As I write this, meteorologists predict that Hurricane Florence could hover over populated areas of North and South Carolina, potentially becoming one of the major dangerous storms over the past two decades. Some envision that, beyond loss of life, the hurricane could cause more than $170 billion worth of property damage. Weather observers and disaster managers have started issuing calls for preparation. Get several days worth of food and water, they say, and make sure that you have gas in your vehicle. While this approach is certainly time-tested and has its merits, my own research and experience have convinced me it is, at best, half the story.
Although we’re often told to prepare to meet our own needs, survival and recovery do not happen in isolation. Instead, our social networks—the friends, neighbors, and family whom we interact with—influence our ability to get through a crisis and then bounce back from it.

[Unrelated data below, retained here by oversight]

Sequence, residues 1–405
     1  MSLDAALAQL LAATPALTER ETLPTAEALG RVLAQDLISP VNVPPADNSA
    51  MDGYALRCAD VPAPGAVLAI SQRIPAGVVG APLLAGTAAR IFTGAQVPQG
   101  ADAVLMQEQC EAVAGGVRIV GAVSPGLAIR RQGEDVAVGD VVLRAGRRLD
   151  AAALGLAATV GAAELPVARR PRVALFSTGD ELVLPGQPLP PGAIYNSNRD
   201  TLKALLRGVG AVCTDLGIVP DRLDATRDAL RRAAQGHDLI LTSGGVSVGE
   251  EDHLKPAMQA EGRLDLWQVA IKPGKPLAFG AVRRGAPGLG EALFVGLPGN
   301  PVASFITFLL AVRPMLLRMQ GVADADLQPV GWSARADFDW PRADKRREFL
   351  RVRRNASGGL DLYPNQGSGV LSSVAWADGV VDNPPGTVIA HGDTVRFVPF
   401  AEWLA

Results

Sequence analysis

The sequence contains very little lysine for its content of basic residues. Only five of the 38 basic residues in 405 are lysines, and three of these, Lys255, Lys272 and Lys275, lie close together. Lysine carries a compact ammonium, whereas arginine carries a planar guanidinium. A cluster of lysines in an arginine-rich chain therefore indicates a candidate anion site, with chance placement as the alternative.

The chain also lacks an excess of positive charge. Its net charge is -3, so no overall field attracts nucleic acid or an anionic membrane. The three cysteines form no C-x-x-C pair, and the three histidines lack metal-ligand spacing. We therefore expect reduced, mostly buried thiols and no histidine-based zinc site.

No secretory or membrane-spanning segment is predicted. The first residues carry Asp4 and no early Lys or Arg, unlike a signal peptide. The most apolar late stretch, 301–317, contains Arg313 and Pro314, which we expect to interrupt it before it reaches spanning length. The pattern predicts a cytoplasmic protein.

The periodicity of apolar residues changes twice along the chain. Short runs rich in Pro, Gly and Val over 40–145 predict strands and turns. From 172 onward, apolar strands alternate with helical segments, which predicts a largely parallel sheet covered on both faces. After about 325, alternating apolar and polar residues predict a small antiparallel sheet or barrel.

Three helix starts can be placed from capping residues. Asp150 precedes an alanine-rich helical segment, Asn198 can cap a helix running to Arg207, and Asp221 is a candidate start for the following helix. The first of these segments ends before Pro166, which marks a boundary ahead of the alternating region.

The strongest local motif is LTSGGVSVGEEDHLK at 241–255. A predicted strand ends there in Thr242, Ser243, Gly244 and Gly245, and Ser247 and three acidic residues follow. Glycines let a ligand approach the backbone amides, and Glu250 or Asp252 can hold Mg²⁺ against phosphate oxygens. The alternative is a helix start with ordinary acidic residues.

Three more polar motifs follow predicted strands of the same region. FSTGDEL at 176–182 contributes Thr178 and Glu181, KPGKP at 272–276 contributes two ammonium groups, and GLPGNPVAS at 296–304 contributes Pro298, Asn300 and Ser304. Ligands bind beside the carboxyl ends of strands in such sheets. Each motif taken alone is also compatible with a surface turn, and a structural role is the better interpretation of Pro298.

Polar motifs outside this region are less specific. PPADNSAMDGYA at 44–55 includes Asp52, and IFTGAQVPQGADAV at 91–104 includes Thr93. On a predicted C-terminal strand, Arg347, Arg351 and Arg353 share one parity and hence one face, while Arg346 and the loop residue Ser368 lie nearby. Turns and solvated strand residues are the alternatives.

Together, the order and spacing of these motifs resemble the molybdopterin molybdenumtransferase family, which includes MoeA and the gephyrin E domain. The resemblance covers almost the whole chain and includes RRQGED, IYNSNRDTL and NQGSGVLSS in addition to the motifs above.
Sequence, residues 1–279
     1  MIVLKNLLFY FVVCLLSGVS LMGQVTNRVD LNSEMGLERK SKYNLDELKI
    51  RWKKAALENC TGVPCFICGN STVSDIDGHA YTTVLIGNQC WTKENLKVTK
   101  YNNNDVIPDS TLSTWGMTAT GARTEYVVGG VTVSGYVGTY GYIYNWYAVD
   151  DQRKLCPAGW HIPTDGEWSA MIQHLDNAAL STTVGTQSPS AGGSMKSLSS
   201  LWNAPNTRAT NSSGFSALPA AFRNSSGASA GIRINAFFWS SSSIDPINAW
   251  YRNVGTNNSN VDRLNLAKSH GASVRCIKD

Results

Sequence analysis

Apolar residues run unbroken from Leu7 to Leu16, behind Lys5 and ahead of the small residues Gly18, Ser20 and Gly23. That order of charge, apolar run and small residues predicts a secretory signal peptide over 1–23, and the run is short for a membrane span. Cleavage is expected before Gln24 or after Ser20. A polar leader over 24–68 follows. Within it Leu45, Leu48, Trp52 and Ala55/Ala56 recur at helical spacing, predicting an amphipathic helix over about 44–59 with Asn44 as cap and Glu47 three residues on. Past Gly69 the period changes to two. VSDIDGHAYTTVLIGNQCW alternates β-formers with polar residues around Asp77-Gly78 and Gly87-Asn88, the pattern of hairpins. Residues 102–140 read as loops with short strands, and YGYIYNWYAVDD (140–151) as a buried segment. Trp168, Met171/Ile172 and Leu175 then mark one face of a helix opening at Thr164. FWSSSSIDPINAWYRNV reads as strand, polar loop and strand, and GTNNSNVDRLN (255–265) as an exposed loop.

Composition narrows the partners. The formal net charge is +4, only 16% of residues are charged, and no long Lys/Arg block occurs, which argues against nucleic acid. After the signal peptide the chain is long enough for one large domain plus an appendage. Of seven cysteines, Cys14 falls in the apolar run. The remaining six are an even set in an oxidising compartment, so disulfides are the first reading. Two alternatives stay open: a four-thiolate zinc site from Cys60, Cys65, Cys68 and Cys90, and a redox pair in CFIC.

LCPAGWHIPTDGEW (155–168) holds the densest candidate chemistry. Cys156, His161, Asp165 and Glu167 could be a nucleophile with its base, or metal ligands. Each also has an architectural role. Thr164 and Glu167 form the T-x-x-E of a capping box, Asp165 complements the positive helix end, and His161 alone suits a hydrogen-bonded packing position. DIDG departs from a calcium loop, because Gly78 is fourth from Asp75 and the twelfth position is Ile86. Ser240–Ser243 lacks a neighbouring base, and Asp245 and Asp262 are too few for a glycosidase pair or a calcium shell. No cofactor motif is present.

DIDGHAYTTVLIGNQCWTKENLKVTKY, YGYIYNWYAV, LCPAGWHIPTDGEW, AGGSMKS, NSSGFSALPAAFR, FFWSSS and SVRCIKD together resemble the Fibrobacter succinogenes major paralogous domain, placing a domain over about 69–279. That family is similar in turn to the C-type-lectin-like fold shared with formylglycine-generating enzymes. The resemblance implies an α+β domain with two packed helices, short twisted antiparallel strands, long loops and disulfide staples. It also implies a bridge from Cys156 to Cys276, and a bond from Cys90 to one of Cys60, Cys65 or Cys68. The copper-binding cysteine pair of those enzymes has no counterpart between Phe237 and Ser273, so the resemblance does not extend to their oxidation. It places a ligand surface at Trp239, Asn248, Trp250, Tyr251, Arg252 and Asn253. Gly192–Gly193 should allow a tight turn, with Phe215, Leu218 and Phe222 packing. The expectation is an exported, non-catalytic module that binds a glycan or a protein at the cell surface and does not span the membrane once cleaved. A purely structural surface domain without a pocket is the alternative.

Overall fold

Since my family and I lost all of our material possessions in Hurricane Katrina in 2005, I’ve spent time around the world studying how communities and institutions can make it through earthquakes, tsunamis, and hurricanes, among other disasters. I saw that our own family’s recovery in New Orleans had little to do with the state—that is, aid from the Federal Emergency Management Agency or other agencies—and also little to do with the market: that is, private insurance. We didn’t have time to set up insurance on our home, and FEMA rejected our initial claims for assistance. What kept us afloat, gave us new clothing and toys for the kids, put us in a new place to stay, and offered me a place to work was our network of friends and friends of friends. These ties, often called social capital, assist survivors around the world facing crisis.